The first thing I fell in love with about Dungeon Crawl Classics RPG (DCC) was the new take on the fighter - thanks to the wonderful 'Mighty Deeds of Arms' mechanic.
The mechanic is granular enough to be intuitive ("You wanna push him over the cliff? You'll need to roll a 4+ on your deed die.") and doubles as a reasonable damage (and attack) bonus. I'd personally prefer a trade-off (e.g. bonus damage or special maneuever) but that's easily house-ruled.
The mechanic constitutes a sub-system of its own and demonstrates that - far from needlessly complicating a set of rules - this approach can provide tailor-made solutions. Using the standard d20 resolution mechanic ("Pushing over a cliff is a DC 15 check.") would have required an extra roll or similar contortions.
The next thing I adore is that magic is inherently dangerous.
This captues the feel of Appendix N fiction very nicely and solves the problem of magic being a reliable everyday resource. I don't want to think about settled wizards casting their daily allotment of spells and thereby competing with craftsmen etc. and requiring me to rethink the whole quasi-medieval world.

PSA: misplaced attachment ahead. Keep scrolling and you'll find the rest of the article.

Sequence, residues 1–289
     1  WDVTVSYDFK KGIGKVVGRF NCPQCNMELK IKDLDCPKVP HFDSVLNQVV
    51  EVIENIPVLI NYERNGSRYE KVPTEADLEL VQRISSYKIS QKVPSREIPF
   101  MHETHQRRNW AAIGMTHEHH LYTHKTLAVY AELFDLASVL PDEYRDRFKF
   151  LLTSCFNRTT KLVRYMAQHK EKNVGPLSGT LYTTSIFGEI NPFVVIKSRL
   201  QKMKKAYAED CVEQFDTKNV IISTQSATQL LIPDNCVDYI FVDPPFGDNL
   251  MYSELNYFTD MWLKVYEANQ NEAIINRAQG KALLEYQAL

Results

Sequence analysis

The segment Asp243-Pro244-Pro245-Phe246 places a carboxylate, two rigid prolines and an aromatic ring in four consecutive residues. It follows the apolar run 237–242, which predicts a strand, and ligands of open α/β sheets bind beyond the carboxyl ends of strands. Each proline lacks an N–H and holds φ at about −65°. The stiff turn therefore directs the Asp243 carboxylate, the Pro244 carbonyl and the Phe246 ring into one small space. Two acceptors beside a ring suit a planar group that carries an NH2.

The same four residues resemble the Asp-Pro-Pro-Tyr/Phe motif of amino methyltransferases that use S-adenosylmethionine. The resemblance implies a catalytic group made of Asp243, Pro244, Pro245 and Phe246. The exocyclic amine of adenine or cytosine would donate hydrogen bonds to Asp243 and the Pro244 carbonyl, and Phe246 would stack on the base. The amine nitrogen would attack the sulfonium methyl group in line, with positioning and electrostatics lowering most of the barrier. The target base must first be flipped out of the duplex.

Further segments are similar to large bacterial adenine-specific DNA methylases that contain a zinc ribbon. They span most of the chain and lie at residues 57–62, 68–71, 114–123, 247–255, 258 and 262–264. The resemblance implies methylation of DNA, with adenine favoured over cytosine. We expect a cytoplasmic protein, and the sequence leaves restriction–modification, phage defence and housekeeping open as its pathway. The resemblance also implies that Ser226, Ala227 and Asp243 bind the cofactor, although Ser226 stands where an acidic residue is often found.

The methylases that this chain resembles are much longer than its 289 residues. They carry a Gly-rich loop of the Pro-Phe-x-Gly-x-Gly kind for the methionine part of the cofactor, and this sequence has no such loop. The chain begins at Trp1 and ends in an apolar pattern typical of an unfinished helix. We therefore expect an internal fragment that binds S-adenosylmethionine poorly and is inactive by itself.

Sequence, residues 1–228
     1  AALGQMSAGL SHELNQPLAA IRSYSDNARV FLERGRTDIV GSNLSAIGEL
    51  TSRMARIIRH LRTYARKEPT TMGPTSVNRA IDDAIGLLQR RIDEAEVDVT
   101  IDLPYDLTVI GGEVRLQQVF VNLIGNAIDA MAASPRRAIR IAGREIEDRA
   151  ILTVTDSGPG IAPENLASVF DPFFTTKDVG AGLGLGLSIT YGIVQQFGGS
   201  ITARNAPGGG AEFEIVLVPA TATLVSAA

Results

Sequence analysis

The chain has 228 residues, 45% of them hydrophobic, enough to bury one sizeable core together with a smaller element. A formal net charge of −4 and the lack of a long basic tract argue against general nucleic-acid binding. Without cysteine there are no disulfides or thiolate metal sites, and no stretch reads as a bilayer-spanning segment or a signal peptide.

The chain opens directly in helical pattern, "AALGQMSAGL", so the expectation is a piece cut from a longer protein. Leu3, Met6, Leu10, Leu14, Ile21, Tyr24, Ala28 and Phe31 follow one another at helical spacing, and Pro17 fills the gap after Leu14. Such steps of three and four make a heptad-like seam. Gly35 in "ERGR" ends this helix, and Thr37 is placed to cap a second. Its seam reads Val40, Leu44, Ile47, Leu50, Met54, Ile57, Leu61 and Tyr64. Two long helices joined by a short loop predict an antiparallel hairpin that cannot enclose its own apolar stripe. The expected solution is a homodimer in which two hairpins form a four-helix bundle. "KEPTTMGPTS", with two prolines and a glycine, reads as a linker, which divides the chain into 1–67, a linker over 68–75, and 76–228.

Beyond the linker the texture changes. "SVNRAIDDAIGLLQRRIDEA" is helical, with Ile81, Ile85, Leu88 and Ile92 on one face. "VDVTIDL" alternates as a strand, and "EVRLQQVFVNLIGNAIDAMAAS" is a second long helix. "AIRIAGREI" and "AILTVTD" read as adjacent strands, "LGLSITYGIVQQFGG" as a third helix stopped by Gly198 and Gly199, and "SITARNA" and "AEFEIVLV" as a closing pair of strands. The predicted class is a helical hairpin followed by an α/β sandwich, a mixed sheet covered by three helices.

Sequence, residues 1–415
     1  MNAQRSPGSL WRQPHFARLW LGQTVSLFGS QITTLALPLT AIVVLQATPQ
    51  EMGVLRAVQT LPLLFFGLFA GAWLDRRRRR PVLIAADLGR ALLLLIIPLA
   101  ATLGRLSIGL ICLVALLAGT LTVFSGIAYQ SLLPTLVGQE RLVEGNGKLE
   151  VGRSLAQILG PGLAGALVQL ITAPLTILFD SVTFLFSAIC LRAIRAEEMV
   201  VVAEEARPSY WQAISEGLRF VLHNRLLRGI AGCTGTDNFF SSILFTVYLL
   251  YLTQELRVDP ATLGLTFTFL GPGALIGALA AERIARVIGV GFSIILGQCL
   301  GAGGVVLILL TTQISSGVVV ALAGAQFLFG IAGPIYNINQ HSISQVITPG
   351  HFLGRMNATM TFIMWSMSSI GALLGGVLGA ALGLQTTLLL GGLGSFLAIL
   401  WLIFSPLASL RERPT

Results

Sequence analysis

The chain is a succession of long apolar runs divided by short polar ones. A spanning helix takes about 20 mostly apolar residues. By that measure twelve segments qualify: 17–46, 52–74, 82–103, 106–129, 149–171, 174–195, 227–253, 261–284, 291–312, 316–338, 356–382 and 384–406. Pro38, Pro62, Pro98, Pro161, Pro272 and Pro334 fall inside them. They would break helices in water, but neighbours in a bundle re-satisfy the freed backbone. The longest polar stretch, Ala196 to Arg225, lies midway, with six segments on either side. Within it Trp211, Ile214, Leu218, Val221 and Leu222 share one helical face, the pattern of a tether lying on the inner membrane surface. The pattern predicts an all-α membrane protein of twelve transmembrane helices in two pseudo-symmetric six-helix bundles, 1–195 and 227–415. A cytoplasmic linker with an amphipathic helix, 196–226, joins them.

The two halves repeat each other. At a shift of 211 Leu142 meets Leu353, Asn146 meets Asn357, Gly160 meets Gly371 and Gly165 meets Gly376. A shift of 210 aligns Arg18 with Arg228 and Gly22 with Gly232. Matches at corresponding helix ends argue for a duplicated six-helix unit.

Limiting myself to just one more thing to single out for praise, I'll choose Doug Kovacs' outstanding dungeon maps.
I find them very useful at the table. The artistic detail makes it easy to (a) remember what a room was all about -- which means less flipping through the adventure -- and (b) to envision the atmosphere and improvise evocative descriptions on the spot.
Perhaps more importantly, they look so damn cool that they make me want to run the corresponding adventure (or something of my own devising for that map). It's all well and good to have classic blue-and-white maps but to me, nothing screams "Run this adventure!" more loudly than Doug Kovacs' maps.
So what do YOU love about DCC?
(You can find more of my thoughts on DCC at my blog: http://outforblood1.blogspot.de